Mailbag: Why do you choose such simple criterias for shortlisting stocks?

We received a question in comment section of our last post on selecting 10 stocks to buy in next market crash. The question asked was very simple, but relevant…

“Why do you guys choose such simple filters for shortlisting stocks? There are more comprehensive and well proven methods of doing the same.”
We will first explain a little about these 5 filters and then answer the question –
Filter 1: Management (Atleast Decent)
The last two words of this filter, ‘atleast decent’, make this a completely subjective criteria. We believe that we are average investors. Hence, we are the last ones to receive company / promoter related news, leave alone insider information. Hence, in the event we do come to know that management is not trustworthy (read decent), then it means that there is more negative news which has not even come out in public domain. Isn’t it? Hence, we will prefer to stick with companies with ‘known decent’ promoters / management.
Filter 2: Not Highly Cyclical
Some experts say that one should buy cyclical business at high PEs. It is at these times, when things are about to turn around for better. They may be right. And sometimes, it seems logical on face value of the argument. But we are not sure. Frankly, we haven’t devoted adequate time to analyzing cyclical businesses. And hence, we don’t understand them too well. Also, highly cyclical businesses are highly uncertain. Such companies are at the mercy of the economic cycles. So it’s better that we avoid such companies.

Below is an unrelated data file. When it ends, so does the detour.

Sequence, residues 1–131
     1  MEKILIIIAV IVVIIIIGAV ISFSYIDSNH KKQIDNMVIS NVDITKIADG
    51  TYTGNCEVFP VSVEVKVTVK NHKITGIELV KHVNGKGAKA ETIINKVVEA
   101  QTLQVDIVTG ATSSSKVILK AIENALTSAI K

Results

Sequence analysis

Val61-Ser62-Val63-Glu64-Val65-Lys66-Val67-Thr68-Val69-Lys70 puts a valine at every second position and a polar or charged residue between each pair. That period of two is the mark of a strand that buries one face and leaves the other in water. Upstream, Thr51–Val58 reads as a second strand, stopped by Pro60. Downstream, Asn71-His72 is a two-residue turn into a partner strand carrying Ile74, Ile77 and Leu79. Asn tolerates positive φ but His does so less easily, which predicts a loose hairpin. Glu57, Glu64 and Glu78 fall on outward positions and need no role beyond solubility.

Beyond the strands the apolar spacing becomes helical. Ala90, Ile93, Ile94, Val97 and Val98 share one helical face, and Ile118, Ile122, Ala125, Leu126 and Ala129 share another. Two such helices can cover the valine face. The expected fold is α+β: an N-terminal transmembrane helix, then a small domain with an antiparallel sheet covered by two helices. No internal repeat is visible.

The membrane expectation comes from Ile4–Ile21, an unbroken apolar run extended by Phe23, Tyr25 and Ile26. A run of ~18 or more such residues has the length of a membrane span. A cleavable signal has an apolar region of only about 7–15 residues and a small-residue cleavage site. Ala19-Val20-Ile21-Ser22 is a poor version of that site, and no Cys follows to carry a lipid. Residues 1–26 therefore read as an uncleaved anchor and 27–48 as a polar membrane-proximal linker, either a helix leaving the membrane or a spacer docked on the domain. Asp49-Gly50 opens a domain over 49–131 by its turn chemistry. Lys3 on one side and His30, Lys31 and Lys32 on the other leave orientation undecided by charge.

Filter 3: Atleast Average Growth Potential
If the underlying business does not have any growth potential, then how can we expect the stock to move up? We should never forget how Kodak, a great company which did not embrace the advent of digital photography and how it paid the price with its bankruptcy.
Filter 4: God Dividend Record
We just love dividends. That is all we have to say. 🙂 But we have a reason for it. You can read it here.
Filter 5: Are we ready to hold the stock for 10 Years?
Mr Buffett once remarked, “Only buy something that you’d be perfectly happy to hold if the market shut down for 10 years.”Being self-claimed long term investors, we ourselves would like to hold stocks of great businesses. We would love to act like owners of companies. And when a great company is going through tough times, the owners don’t sell and runaway. They stick with it. They know that when times will change, the company would be back. And in a much better shape.
So now, we are back to our original question…
Why do we use such simple filters??
The primary reason for using such simple filters is that these have worked for us. It is easier to evaluate stocks on these filters than more complex quantitative ones. Though we do use such quantitative metrics in our case studies of individual stocks, we always prefer to keep things simple. We try to stick with proven businesses. We try to find indicators of overall pessimism in the market, so that we can be a little sure that we are being greedy when others are fearful. We know that by following these filters, we are simply eliminating the possibility of finding those 50 and 100 baggers. We are restricting ourselves to a very small universe of 40 (or max 50) stocks. But we accept this tradeoff. We don’t want to lose money in stock markets by taking very risky bets. We know what we are good at and we will prefer sticking to our strengths. Over time, we will increase our expertise in other areas and may be, would be able to find the next multibagger. As of now, we are happy to lay a strong foundation for our long term portfolio.